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Archive for February, 2014

With one day left to vote early, Harris County Dems stand at 17,092 in person and GOPers at 42,975. In the mail category, Dems are at 6,802 and GOPers at 16,696. The GOP’s primary is a lot more interesting. They got fights at the top of the ballot and at the bottom.

Name the baseball theme flick that earned over $25 mil for its opening weekend – the best opening weekend haul for a baseball flick?

Today of course will be the best Early Vote in Person day.

The Uber supporters are flooding the H-Town City switchboard so to speak and the City is not happy and told Uber to stop it. Good luck with that. Here is the question I have: Are the folks that are sending stuff H-Town residents or are they coming in from all across the universe?

I got a Bruce Steffler for Judge piece yesterday.

“42” of course earned over $25 mil during its opening weekend last year.

Spring Training action starts today.

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As of yesterday 14,131 Dems have voted early in person compared to 34,190 GOPers. In the vote by mail category it is 6,261 Dems and 15,862 GOPers. Tsk, tsk, tsk!

Name the Actor/Actress that was nominated for an Academy Award for the 1984 flick “The Natural”?

I don’t think Sen. Dan Patrick has had a good past few days. He was outed of sorts last week when a private investigator turned up evidence that he used to hire paperless folks. Yesterday his marriage math was off by a chromosome or two. Now today he is running an ad denying everything. When you have to put out an ad denying stuff that usually means that what you have to deny is working. Got it?

A very nice crowd showed up at Rep. Carol Alvarado’s fundraiser last night.

FLASH! The Chron didn’t take a cheap shot at James Rodriguez today.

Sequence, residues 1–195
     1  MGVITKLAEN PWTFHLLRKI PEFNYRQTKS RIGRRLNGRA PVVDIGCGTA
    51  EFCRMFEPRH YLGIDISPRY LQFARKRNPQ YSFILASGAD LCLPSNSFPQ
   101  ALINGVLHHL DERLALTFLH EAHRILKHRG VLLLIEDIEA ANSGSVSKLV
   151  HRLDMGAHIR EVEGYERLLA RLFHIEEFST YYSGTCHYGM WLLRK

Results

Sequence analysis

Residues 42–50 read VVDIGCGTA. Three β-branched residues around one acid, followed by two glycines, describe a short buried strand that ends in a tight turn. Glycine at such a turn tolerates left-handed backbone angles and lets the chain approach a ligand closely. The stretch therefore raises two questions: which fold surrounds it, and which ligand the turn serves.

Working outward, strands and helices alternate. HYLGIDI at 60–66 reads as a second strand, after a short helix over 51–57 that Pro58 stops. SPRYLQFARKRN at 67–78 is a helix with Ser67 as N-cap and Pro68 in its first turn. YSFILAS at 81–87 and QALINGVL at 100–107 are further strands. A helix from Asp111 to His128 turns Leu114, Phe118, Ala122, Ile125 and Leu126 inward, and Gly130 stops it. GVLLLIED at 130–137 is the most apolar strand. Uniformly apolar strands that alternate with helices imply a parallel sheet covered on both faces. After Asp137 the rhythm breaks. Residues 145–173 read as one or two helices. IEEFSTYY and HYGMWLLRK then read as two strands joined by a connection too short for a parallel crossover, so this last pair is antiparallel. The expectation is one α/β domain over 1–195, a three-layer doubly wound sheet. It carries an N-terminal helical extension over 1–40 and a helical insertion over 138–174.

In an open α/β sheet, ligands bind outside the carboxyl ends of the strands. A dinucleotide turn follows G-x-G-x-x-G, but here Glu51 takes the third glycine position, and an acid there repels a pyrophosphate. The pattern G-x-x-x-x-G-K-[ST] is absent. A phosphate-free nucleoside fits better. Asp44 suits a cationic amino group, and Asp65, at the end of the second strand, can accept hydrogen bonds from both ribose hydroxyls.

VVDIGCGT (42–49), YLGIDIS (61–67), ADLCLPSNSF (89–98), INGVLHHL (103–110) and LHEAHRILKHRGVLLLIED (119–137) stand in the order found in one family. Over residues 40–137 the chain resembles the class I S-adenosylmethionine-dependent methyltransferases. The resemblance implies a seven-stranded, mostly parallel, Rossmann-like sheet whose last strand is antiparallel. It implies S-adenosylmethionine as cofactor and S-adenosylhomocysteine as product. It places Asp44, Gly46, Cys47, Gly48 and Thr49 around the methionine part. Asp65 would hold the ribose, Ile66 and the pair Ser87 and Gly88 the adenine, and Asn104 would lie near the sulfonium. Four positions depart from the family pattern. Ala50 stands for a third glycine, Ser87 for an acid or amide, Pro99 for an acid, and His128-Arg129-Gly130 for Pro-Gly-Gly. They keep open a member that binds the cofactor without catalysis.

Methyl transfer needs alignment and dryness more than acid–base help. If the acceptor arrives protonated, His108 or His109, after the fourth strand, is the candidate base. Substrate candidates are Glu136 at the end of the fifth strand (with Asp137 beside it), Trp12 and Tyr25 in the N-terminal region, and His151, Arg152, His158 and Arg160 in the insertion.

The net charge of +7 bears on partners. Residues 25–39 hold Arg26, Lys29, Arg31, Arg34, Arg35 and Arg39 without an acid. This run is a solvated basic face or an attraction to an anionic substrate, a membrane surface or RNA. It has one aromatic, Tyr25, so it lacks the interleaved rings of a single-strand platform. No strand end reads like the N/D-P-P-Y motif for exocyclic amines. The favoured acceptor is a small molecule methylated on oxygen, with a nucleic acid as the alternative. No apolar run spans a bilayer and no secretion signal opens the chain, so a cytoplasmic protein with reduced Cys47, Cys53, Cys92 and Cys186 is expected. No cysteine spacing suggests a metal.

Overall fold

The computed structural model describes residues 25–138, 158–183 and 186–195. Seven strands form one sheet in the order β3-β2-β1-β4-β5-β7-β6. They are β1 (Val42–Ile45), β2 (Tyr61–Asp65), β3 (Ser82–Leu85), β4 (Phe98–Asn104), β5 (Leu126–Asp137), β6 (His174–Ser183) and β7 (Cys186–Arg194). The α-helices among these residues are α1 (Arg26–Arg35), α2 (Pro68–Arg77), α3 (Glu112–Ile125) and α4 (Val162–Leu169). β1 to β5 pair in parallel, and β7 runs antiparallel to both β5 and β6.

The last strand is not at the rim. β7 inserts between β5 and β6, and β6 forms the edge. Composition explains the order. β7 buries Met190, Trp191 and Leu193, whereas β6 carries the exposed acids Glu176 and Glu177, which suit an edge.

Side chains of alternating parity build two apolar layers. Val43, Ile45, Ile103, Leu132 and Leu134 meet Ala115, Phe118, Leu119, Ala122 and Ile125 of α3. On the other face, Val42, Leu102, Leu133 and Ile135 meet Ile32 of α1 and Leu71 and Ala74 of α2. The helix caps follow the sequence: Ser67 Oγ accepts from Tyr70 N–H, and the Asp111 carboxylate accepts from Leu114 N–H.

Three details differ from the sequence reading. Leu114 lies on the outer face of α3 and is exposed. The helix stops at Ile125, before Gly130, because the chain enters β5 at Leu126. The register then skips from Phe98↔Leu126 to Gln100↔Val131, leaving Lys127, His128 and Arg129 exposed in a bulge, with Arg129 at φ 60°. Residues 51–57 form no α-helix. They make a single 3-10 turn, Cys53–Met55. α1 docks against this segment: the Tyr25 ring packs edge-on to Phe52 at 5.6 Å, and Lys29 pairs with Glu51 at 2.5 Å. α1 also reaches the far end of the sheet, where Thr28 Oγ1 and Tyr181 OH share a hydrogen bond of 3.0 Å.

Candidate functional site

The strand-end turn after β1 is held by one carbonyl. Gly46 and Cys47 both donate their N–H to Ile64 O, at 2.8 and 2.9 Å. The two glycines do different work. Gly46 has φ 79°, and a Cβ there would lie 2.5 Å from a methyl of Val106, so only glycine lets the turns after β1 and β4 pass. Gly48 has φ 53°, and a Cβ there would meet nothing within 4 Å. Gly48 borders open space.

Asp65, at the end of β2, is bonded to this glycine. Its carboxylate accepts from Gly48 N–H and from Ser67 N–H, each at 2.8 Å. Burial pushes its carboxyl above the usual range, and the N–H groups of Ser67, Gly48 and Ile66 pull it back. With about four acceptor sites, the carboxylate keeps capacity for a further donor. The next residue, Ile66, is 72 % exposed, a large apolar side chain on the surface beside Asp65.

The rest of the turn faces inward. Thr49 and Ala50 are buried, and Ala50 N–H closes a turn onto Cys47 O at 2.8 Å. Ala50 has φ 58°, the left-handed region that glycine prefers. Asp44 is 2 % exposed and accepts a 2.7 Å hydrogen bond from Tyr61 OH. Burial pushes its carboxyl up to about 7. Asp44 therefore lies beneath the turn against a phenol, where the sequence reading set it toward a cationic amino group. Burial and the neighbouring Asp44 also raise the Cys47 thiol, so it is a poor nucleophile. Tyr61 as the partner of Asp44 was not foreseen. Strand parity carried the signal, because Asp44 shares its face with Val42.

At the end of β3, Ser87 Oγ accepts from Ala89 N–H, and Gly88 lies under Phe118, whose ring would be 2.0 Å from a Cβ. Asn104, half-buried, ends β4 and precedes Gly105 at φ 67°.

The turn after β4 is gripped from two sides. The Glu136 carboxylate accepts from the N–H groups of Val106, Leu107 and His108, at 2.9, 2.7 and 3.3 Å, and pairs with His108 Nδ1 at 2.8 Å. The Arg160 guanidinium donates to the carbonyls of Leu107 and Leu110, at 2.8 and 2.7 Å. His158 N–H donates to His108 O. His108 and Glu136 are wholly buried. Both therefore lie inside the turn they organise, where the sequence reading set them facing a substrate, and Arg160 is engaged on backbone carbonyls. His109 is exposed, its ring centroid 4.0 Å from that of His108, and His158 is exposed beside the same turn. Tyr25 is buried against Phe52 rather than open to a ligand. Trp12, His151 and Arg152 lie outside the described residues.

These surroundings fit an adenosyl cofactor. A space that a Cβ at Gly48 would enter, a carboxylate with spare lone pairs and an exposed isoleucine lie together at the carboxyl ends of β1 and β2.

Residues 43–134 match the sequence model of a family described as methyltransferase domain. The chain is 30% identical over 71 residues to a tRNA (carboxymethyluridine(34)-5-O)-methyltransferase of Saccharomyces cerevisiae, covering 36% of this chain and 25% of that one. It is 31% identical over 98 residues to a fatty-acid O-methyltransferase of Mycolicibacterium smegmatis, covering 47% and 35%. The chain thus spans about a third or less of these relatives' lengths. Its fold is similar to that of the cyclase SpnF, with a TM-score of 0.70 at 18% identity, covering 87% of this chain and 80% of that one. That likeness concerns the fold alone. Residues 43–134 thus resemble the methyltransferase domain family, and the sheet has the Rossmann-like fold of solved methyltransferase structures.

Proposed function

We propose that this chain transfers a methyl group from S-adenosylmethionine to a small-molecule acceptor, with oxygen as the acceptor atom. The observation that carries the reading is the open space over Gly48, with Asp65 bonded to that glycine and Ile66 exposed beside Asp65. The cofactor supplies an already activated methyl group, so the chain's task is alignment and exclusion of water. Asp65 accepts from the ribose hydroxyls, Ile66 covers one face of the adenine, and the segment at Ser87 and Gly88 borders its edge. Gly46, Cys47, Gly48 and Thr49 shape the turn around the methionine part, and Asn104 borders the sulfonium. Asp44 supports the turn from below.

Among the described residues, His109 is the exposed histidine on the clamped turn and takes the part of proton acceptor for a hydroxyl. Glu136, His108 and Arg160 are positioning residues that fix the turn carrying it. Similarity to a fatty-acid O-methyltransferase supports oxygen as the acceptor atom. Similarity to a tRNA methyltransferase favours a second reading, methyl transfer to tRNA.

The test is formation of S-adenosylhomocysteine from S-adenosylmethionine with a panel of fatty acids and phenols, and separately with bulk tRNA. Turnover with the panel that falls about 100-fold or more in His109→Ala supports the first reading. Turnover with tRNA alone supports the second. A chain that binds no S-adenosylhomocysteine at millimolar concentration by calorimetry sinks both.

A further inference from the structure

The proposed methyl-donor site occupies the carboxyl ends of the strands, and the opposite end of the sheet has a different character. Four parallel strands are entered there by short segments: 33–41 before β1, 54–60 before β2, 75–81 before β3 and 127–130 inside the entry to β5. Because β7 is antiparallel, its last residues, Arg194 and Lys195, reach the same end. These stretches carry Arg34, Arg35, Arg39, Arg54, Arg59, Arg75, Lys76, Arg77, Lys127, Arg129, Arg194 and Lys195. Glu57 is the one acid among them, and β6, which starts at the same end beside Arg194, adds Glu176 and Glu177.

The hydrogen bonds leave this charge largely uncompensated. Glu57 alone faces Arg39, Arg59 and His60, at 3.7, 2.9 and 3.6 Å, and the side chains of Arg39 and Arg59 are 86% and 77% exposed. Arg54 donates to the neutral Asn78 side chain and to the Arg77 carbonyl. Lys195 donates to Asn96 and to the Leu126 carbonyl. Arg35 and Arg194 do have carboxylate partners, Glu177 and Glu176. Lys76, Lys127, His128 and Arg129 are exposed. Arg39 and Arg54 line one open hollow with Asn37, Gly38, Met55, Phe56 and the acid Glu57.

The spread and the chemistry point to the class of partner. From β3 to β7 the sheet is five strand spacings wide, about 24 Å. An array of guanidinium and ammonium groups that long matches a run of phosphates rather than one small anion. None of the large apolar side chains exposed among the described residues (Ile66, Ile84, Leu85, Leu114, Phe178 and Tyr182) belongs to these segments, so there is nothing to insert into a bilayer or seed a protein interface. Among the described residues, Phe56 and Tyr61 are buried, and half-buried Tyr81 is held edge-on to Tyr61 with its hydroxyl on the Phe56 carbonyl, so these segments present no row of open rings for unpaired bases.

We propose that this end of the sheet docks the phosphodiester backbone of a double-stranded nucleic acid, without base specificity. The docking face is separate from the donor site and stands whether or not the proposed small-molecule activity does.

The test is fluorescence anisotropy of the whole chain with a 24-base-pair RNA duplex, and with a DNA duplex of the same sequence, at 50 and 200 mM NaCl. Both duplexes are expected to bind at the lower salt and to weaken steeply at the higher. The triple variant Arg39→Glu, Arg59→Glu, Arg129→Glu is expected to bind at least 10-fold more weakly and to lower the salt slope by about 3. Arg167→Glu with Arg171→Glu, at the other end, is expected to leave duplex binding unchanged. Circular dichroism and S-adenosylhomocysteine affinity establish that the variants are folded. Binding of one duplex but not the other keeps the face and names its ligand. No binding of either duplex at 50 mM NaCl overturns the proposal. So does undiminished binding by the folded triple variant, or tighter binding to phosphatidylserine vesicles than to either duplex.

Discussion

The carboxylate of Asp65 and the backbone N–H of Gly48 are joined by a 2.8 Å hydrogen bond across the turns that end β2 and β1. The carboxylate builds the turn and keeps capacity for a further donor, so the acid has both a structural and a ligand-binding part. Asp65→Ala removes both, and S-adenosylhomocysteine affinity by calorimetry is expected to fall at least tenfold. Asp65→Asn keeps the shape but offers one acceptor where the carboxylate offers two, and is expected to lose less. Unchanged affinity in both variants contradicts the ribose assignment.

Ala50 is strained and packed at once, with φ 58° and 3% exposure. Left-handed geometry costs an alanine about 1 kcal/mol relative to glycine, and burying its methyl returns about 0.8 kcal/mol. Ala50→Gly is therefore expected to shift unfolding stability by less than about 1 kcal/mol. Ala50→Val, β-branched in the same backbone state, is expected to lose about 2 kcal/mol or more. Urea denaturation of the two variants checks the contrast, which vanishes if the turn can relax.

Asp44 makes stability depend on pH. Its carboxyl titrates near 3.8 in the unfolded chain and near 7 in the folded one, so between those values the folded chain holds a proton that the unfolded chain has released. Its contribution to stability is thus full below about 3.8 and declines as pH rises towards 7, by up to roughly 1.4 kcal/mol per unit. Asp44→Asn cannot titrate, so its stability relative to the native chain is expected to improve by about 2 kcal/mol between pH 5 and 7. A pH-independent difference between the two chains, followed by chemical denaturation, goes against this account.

I went to vote yesterday. Why does the Dem Party have to put those issues at the end of the ballot? What is up with that? What is the point?

Yesterday I got another Alameel mailer and a HoustonTurnoutProject.org mailer.

Glenn Close of course was nominated for Best Supporting Actress for “The Natural” back in 1984.

Nothing to report from The Yard today.

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Rooting for Hunker Down?

The other day Kuffer said this about the race for Chair of the Harris County GOP:

“I’m just going to say this: Most Democrats I know are rooting for Woodfill to win. Those of you that vote in the Republican primary, make of that what you will.”

I don’t know about that. It appears as though Hunker Down wants to move his Party away from the far right ledge. Maybe if Hunker Down is successful these guys might come to the table on immigration reform and stop the hating of folks.

Once again the Chron gave another front page story to the GOP Chair race and here are bits:

The unusually divisive race to lead the Harris County Republican Party also may be the costliest, as challenger Paul Simpson raised an additional $145,000 in his bid to oust 12-year Chairman Jared Woodfill.

The bulk of that – $90,000 – came from County Judge Ed Emmett, who publicly and repeatedly has criticized Woodfill for his management style and unabashed focus on social issues.

And:

Emmett on Monday said he has “told everybody that the best thing I can do to elect Republicans in the fall is to get rid of Jared.”

His $90,000 donation is in addition to $10,731 Emmett already had donated to Simpson from his campaign account.

The flick “Eight Men Out” is about the 1919 Black Sox Scandal and the fixing of the 1919 World Serious. Who did the Sox play in the Serious?

The Chron E-Board came out in support of Uber for H-Town today and in the process came out with a cheap shot on former Council Member James Rodriguez for working for Yellow Cab. Hey, it is their right to cheap shot but I think it was totally unnecessary.

Here is the latest. 12,405 Dems have voted early in person and 5,456 Dems have mailed in ballots versus 28,887 GOPers in person and 14,687 by mail.

The Sox lost to Cinncy of course in the 1919 World Serious.

The first Spring Training game is tomorrow versus The ATL.

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Sums It Up

Commentary is not going to put out yesterday’s Early Vote numbers because they are included in the following Chron piece. One would think that if we are truly going to make a run for the state blue this year that some folks would kind of be warming up here in the state’s largest county. What do I know?

Name the baseball related movie with the most Academy Award nominations?

I don’t have a dog in the Uber and Lyft wanting to get into the H-Town market fight. I don’t know if they are needed. Here is what I don’t understand though. Why do we want to let these guys come in and rake in a bunch of dough and haul it off into the pockets of NoCal billionaires? It is not as if they are going to reinvest their profits in H-Town.

Yesterday I got a nice mailer from Kim Ogg.

Here is the Chron piece on voter turnout: